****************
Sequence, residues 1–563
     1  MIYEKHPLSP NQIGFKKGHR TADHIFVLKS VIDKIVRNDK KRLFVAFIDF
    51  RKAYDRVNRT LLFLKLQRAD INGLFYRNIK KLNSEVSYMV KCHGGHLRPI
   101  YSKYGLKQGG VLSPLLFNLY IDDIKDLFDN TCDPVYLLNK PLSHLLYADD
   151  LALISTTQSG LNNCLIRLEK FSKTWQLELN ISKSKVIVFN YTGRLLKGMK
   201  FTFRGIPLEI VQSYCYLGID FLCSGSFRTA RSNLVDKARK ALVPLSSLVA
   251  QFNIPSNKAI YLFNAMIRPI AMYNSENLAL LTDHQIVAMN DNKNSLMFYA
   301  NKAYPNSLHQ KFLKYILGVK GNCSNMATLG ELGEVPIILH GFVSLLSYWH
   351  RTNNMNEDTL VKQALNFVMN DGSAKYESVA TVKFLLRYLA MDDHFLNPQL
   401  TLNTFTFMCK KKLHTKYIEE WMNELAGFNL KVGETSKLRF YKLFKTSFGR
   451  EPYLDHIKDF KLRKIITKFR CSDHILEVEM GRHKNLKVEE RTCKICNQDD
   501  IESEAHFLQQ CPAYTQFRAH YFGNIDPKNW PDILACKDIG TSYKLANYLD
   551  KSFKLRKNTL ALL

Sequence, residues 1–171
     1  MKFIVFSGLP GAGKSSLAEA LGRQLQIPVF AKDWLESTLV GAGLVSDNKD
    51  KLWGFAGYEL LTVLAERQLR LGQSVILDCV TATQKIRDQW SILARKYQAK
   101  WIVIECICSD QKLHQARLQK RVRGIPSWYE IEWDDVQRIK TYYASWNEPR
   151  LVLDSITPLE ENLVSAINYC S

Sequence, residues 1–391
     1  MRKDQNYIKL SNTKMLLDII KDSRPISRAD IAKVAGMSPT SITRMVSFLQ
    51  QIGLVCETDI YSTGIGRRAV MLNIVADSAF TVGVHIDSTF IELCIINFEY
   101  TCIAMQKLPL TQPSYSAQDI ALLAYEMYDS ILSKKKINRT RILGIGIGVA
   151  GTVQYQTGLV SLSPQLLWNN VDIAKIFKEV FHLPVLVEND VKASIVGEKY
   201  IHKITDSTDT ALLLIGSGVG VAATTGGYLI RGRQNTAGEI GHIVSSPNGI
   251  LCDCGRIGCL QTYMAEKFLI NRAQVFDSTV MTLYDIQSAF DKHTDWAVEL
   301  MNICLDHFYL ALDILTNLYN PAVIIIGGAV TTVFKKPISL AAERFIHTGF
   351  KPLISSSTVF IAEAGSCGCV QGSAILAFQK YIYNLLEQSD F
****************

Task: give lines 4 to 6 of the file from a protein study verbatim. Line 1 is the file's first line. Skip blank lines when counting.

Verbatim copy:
   101  YSKYGLKQGG VLSPLLFNLY IDDIKDLFDN TCDPVYLLNK PLSHLLYADD
   151  LALISTTQSG LNNCLIRLEK FSKTWQLELN ISKSKVIVFN YTGRLLKGMK
   201  FTFRGIPLEI VQSYCYLGID FLCSGSFRTA RSNLVDKARK ALVPLSSLVA